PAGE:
Human immunodeficiency virus (HIV)-infected subjects are at increased risk for tuberculosis even before there is a significant loss of CD4 lymphocytes. A factor was found to be present in the bronchoalveolar lavage (BAL) of HIV-infected subjects that promoted the attachment of M. tuberculosis (MTB) organisms to alveolar macrophages (AMs). Using 51Cr-labeled MTB organisms, BAL from control subjects resulted in MTB attachment to AMs at 11.6% +/- 1.0%; in contrast, BAL from HIV-infected subjects increased attachment to 33.1% +/- 3.8% (P < 0.001). Surfactant protein A (SP-A) levels in BAL of normal controls was 1.9 +/- 0.3 micrograms/ml and was 5.5 +/- 0.4 micrograms/ml in the BAL of HIV-infected subjects (P < 0.01). When SP-A was removed by immunoprecipitation from the BAL of HIV-infected subjects, MTB attachment decreased from 33.1% +/- 3.8% to 11.3% +/- 0.4% (P < 0.001), a value identical to control levels. Exogenous human SP-A (5 micrograms/ml) was added back to the immunoprecipitated BAL and the enhanced attachment of MTB was restored. These data suggest that BAL from HIV-infected subjects contain a factor that facilitates MTB attachment to AMs, the first critical step in the establishment of infection. This factor appears to be SP-A.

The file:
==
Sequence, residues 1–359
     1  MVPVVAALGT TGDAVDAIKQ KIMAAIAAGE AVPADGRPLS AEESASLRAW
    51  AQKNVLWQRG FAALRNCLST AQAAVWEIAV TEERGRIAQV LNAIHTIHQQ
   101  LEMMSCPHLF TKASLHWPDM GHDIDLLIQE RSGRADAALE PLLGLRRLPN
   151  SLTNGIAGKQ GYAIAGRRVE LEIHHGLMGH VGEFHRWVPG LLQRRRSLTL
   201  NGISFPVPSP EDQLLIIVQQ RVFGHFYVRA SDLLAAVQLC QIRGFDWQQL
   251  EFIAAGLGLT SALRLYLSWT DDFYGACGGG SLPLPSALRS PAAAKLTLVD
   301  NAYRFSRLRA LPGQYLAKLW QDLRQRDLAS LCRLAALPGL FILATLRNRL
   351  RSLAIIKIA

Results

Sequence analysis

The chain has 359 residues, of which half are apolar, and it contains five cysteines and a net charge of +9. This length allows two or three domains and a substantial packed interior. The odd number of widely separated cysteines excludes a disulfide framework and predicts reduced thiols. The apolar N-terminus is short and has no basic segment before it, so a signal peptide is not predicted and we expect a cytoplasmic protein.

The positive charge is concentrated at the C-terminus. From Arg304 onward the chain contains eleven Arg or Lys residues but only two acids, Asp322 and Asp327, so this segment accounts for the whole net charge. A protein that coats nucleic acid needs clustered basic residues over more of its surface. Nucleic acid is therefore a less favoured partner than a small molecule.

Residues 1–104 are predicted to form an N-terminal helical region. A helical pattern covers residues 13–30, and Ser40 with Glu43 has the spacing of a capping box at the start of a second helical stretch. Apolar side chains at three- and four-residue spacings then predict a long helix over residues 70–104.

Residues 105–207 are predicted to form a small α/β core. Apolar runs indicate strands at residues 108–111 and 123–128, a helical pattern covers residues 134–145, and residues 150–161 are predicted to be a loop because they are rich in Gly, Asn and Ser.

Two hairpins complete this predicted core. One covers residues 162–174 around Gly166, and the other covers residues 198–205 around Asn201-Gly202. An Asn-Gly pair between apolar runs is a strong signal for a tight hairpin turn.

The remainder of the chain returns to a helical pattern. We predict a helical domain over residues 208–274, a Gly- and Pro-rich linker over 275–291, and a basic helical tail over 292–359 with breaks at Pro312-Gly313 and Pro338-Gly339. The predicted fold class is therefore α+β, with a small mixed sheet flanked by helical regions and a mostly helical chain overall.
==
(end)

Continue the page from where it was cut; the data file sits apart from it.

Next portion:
|Original language||English (US)|
|Number of pages||6|
|Journal||Proceedings of the Association of American Physicians|
|State||Published - Oct 1995|
ASJC Scopus subject areas